New Mexico Interior Design - Release: 9-7-2006
New Study Reveals How Industry Insiders Use Government to Cut Out Competition
Interior Design Lobby Wields Influence, But No Evidence, to Increase Regulation
WEB RELEASE: September 7, 2006
John Kramer or Lisa Knepper
Arlington, Va.—Should you need the government’s permission to become an interior designer? Increasingly, state governments nationwide are bowing to the will of special interests and dictating who may pursue the occupation of their choice in trades like interior design. Today, one in five Americans must secure the government’s permission to pursue their occupation—a figure that has risen from about one in 20 in the 1950s.
A study released today documents how influential factions within the interior design industry lobby to create laws that erect unnecessary and anti-competitive barriers to entrepreneurship thereby creating economic benefit to those already in the industry. Among other findings, the report demonstrates that there is no evidence supporting a need for barriers to entry into the interior design trade and, in fact, the regulations that do exist have no impact on the quality of services offered. View the report, Designing Cartels: How Industry Insiders Cut Out Competition , by Dr. Dick M. Carpenter II, director of strategic research at the Institute for Justice.
Twenty-two states and the District of Columbia regulate interior designers through various kinds of “titling” laws—laws that require designers to get government permission to legally call themselves “interior designers,” “certified interior designers,” or “registered interior designers.” Under titling laws, designers may still practice, but they must get permission from the government to use the regulated titles in advertisements, websites, contracts and other communications—making it more difficult for designers to reach out to customers and for potential customers to find them. Four of those states and the District of Columbia also require designers to secure a government license to practice at all.
Examining legislative records, news reports and industry documents, Carpenter found that the push for such laws has come exclusively from influential industry leaders, such as the American Society of Interior Designers, and that those leaders use an incremental strategy, working to secure less-restrictive titling laws as a first step toward lobbying for far more restrictive licensing laws. Of the four states with licensure, three began with titling laws that, after industry pressure, evolved into licensing.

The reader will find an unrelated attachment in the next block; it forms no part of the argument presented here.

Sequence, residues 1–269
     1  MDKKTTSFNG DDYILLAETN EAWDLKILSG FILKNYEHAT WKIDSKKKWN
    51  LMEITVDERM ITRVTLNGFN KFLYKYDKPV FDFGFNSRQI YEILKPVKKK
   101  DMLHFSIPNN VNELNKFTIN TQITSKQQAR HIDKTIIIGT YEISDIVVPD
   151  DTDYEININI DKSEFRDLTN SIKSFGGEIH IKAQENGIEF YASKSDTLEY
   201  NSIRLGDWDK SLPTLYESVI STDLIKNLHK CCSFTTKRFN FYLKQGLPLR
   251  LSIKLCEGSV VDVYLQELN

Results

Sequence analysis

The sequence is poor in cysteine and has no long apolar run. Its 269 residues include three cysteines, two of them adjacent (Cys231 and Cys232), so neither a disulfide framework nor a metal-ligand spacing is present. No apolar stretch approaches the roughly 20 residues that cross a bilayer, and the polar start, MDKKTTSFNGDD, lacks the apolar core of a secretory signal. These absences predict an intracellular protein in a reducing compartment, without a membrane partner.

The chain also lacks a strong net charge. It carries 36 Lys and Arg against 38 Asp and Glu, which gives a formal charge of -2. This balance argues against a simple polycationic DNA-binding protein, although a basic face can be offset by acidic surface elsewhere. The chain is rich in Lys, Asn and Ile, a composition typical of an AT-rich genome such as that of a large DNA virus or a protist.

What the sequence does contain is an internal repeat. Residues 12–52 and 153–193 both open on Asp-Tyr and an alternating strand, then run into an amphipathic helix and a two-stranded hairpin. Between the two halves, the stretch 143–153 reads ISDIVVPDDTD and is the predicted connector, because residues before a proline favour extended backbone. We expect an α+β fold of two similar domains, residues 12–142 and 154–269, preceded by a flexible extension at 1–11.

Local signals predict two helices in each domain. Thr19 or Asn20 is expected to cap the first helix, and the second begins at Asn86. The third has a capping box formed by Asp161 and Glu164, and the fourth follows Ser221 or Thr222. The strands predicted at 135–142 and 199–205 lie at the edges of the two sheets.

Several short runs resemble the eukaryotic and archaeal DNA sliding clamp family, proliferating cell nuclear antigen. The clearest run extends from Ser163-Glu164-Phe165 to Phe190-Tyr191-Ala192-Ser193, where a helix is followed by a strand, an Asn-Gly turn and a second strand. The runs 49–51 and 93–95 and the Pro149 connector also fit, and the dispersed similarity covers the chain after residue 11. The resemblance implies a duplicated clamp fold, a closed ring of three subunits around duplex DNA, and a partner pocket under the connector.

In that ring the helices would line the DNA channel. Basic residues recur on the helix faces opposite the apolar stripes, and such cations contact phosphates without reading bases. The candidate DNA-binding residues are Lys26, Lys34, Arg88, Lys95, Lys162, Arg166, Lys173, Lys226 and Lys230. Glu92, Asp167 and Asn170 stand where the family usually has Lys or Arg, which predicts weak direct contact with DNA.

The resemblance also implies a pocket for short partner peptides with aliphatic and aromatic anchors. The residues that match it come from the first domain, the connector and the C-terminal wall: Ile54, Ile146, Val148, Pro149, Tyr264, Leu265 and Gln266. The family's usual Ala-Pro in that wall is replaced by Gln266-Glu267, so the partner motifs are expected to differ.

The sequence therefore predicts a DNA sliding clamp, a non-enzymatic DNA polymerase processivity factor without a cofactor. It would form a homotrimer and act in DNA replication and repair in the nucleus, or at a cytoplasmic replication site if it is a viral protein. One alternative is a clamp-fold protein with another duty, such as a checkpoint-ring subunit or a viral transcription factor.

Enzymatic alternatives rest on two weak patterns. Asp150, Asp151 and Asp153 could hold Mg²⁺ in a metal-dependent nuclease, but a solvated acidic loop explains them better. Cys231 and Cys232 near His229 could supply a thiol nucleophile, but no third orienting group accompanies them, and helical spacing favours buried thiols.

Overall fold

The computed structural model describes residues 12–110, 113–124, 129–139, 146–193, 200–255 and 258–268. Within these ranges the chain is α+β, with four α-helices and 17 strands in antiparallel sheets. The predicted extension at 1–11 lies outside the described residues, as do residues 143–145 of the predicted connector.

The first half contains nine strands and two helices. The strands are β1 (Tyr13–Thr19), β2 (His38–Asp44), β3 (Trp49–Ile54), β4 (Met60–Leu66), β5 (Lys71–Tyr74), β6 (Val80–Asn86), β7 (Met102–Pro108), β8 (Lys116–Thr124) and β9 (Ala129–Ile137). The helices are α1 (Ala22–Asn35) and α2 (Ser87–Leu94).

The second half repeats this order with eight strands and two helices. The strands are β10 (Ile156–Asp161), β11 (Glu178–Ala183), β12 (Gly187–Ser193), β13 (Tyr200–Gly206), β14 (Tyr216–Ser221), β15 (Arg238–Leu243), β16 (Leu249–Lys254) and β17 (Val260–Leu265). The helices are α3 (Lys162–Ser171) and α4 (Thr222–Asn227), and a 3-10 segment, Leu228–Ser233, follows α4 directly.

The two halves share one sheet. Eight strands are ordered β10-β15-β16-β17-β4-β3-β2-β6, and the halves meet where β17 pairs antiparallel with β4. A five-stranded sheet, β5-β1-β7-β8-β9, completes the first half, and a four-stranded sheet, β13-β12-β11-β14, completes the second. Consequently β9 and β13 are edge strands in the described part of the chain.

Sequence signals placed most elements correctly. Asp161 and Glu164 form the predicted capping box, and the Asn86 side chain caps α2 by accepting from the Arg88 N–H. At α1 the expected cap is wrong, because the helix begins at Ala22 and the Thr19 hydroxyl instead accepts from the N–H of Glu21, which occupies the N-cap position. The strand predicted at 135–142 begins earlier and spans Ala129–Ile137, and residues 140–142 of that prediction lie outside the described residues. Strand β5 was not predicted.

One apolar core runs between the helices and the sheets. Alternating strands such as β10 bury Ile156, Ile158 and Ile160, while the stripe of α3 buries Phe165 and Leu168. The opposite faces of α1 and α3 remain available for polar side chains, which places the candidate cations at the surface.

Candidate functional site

Among the report’s key findings:
- There are no statistically significant differences in the average number of complaints to the Better Business Bureau against companies in highly regulated states, less-regulated states and states with no regulation at all. In fact, complaints are slightly more frequent in more heavily regulated states.
- Better Business Bureau data also shows that interior design companies receive very few consumer complaints—an average of one-third of one complaint per company over the past three years—calling into question the need for regulation.
Five state agencies have examined the need for titling and/or licensing laws for interior designers. All five found no benefit to the public and concluded consumers already possessed the means to make informed decisions about interior designers.
- When pressed by state agencies, not even interior design associations lobbying for regulation produced evidence of a threat to the public from unregulated interior designers.
“Such results challenge the logic behind occupational regulation,” Carpenter writes. “Stricter control over who practices a profession theoretically should result in higher-quality practitioners, which should then result in fewer complaints. But these results show just the opposite.”
The Institute for Justice, a national public interest law firm that defends free speech and the rights of entrepreneurs, also filed a federal lawsuit today on behalf of two interior designers challenging New Mexico’s titling law—which requires designers to secure government permission to truthfully call themselves “interior designers”—as a violation of the First Amendment to the U.S. Constitution.
“The government has no business preventing interior designers from providing truthful information about their services to potential customers,” said IJ Staff Attorney Jennifer Perkins. “Not only is New Mexico’s law unconstitutional, but, as this report shows, it does nothing to protect consumers—and plenty to protect interior designers from competition.”
“From interior designers and hairbraiders to casket-sellers and florists, there has been a proliferation of needless laws that do nothing but keep budding entrepreneurs out of business,” added Chip Mellor, IJ president and general counsel. “This report exposes the real force too often behind such regulations: industry insiders striving to protect their profits by cutting out the competition.”